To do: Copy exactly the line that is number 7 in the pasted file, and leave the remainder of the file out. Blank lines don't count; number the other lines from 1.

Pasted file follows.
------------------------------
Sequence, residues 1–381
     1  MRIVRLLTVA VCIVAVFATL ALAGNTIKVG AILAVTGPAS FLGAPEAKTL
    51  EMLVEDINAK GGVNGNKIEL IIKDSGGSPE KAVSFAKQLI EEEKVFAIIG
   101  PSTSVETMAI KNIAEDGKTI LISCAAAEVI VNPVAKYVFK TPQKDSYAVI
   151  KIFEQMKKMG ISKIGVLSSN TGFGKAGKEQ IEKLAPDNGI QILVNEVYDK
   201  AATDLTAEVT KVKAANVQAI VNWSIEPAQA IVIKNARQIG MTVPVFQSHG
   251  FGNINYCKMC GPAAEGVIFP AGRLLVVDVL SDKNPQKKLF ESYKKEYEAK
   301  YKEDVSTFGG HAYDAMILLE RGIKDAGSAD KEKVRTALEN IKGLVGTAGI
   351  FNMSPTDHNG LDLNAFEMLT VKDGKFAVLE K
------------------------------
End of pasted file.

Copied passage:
   251  FGNINYCKMC GPAAEGVIFP AGRLLVVDVL SDKNPQKKLF ESYKKEYEAK